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Cleaning Up Coal-fired Power Plants
Graphic of coal-fired power plant.
While touted as cheap energy, coal exacts a price far higher than what we pay in utility bills. Burning coal for electricity produces global warming pollution, and releases harmful toxic pollution into our air and water.
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Stopping Coal In Its Tracks: Q&A with Earthjustice Attorney Abbie Dillen

Today, the Northeast is one of the few regions in the country that’s not terribly dependent on coal-fired power, and it would be in everyone’s interest to keep it that way.

At A Glance

The Potomac-Appalachian Transmission Highline (PATH) would transport energy from coal country in West Virginia up through Virginia and Maryland and ultimately into New Jersey and New York.


Importing more coal power is exactly what many eastern states are trying not to do.


If Earthjustice is able to stop PATH and other lines like it, we will be able to measure that victory in terms of millions of tons of greenhouse gas emissions avoided.

 
Stopping Coal
In Its Tracks
Q&A with VP of Climate & Energy
Abigail Dillen

Coal states want to create an energy transmission superhighway straight to East Coast power markets, effectively locking the eastern seaboard into dirty, coal-fired power for generations.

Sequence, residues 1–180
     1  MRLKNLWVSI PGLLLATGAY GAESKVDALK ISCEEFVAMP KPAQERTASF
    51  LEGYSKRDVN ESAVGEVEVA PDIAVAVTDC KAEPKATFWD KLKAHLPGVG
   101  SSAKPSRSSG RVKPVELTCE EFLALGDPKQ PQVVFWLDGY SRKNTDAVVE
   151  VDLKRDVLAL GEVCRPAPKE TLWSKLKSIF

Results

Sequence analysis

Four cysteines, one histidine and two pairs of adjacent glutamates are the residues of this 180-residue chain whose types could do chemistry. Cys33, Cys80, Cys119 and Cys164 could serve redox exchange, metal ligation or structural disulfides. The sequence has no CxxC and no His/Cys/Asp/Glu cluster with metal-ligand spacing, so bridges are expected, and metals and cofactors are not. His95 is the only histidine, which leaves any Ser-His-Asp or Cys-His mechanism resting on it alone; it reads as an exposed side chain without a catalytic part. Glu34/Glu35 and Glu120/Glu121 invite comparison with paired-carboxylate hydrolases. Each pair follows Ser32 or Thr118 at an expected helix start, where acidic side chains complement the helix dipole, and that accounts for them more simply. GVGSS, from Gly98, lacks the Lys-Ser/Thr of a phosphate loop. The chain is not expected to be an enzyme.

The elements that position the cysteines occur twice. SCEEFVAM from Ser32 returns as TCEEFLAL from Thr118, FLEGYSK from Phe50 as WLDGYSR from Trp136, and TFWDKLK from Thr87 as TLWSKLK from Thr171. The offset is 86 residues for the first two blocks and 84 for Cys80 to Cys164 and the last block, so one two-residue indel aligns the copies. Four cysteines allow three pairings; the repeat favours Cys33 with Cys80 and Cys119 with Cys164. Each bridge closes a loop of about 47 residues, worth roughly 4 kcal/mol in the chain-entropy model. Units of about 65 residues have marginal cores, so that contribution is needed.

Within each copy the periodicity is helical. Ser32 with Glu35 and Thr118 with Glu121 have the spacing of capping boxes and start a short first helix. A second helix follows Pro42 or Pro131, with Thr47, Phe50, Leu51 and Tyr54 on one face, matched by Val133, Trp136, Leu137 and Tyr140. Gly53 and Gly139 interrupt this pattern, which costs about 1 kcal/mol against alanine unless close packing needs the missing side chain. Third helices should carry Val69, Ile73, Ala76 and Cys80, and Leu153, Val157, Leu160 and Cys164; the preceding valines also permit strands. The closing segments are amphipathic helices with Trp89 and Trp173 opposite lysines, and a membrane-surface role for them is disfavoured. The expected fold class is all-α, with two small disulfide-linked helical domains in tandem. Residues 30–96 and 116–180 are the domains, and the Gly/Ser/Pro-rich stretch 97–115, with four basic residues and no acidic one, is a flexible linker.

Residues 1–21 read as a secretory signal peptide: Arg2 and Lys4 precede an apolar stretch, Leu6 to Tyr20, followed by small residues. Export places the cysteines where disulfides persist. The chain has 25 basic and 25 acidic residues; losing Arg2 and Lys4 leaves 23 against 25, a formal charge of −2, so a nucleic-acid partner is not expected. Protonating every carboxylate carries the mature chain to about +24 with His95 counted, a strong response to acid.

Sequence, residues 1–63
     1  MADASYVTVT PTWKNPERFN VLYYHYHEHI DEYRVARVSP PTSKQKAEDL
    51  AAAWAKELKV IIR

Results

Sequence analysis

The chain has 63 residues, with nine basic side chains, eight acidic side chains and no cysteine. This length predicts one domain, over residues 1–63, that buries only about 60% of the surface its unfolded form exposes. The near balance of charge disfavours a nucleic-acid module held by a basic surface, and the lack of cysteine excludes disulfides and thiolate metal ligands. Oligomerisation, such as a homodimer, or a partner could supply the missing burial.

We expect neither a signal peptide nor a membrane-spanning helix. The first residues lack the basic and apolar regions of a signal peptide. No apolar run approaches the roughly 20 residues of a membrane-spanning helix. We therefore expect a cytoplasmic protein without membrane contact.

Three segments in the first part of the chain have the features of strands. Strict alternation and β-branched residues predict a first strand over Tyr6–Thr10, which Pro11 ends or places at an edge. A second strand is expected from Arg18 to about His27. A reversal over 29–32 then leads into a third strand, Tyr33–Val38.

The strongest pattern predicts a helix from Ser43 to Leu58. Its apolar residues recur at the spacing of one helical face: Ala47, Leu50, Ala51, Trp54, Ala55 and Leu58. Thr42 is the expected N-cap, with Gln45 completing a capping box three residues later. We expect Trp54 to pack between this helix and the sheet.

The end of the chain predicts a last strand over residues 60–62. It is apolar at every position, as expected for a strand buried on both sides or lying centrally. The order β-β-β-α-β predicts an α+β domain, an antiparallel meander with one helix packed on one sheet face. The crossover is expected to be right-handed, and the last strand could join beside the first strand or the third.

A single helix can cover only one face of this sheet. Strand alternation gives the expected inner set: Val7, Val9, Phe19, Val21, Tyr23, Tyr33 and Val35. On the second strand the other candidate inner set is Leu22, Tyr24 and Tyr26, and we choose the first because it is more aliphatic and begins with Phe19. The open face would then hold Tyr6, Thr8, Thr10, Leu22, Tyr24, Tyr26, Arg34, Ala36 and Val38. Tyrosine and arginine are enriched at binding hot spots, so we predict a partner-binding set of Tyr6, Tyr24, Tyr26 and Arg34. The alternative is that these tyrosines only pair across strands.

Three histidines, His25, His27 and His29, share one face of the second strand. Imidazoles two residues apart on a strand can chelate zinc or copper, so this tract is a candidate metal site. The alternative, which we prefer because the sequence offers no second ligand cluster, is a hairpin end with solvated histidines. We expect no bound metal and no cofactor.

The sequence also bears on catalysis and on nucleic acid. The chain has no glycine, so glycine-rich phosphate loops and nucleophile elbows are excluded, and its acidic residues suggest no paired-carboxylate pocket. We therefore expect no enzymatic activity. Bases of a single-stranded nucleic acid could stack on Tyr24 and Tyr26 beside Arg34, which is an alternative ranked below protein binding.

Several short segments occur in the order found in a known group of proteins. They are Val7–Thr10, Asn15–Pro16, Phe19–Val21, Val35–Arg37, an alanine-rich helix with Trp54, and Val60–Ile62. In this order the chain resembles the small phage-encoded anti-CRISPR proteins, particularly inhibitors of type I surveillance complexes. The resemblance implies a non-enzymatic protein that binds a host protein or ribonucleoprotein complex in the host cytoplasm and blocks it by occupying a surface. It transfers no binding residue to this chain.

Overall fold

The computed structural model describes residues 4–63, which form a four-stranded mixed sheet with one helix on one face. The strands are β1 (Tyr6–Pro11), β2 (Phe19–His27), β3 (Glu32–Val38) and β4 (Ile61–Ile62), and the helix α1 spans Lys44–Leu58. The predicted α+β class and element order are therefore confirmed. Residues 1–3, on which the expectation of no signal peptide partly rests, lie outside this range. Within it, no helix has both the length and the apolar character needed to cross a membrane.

VP of Climate & Energy Abigail Dillen describes how Earthjustice has successfully put the brakes on coal companies’ plans—at least temporarily.

Q.

Why are coal companies interested in the East Coast power market?

Power companies are claiming that new power lines need to be built from coal plants in the Ohio River Valley to supply what they claim are unmet power needs on the east coast. One of these lines, the Potomac-Appalachian Transmission Highline (PATH), would transport energy from coal country in West Virginia up through Virginia and Maryland and ultimately into New Jersey and New York.

What’s really driving this and other proposed lines is not a power gap but rather a lucrative eastern energy market. Generators get paid for the electricity that they sell at a marginal price, which is the price of the most expensive electricity that’s used at any given time. On the east coast, more expensive natural gas is on the margin.

So if you’re a Midwest coal plant shipping power out east, you’ll get paid more than if you sent your power to Ohio or West Virginia where your competitors are also coal plants selling artificially cheap coal power. This is a major economic incentive for the utilities with big coal portfolios to develop west-to-east transmission lines.

But importing more coal power is exactly what many eastern states are trying not to do. Maryland, Delaware, New Jersey, New York and the New England states are all participating in the Regional Greenhouse Gas Initiative (RGGI) with the goal of cutting carbon emissions from electricity generation. Importing lots of coal-fired power completely undercuts this effort.

Today, the Northeast is one of the few regions in the country that’s not terribly dependent on coal-fired power, and it would be in everyone’s interest to keep it that way.

Q.

How was Earthjustice able to successfully challenge the PATH line the first time around?

We were able to convince a hearing examiner in Virginia that it was worth considering whether the PATH line was really needed given the successes we are having with energy efficiency and other conservation programs.

We need to invest in a grid that lets us phase out old dirty generators and maximize clean new solutions as quickly as possible. To make that investment we have to do some smart planning.